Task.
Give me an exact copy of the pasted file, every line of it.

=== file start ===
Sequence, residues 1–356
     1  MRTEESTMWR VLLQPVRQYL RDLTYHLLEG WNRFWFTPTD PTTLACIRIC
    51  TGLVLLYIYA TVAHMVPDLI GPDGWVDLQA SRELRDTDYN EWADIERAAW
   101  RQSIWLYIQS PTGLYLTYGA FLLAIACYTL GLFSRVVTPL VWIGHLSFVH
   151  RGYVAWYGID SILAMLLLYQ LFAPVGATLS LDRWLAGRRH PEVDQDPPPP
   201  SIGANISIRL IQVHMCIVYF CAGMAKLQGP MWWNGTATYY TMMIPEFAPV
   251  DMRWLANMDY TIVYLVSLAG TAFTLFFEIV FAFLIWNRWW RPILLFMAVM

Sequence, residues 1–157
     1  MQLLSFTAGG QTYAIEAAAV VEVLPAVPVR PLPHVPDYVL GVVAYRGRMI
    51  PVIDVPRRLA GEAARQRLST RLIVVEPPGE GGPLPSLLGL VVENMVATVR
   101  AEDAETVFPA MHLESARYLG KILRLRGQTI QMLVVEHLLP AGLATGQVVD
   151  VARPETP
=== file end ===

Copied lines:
Sequence, residues 1–356
     1  MRTEESTMWR VLLQPVRQYL RDLTYHLLEG WNRFWFTPTD PTTLACIRIC
    51  TGLVLLYIYA TVAHMVPDLI GPDGWVDLQA SRELRDTDYN EWADIERAAW
   101  RQSIWLYIQS PTGLYLTYGA FLLAIACYTL GLFSRVVTPL VWIGHLSFVH
   151  RGYVAWYGID SILAMLLLYQ LFAPVGATLS LDRWLAGRRH PEVDQDPPPP
   201  SIGANISIRL IQVHMCIVYF CAGMAKLQGP MWWNGTATYY TMMIPEFAPV
   251  DMRWLANMDY TIVYLVSLAG TAFTLFFEIV FAFLIWNRWW RPILLFMAVM

Sequence, residues 1–157
     1  MQLLSFTAGG QTYAIEAAAV VEVLPAVPVR PLPHVPDYVL GVVAYRGRMI
    51  PVIDVPRRLA GEAARQRLST RLIVVEPPGE GGPLPSLLGL VVENMVATVR
   101  AEDAETVFPA MHLESARYLG KILRLRGQTI QMLVVEHLLP AGLATGQVVD
   151  VARPETP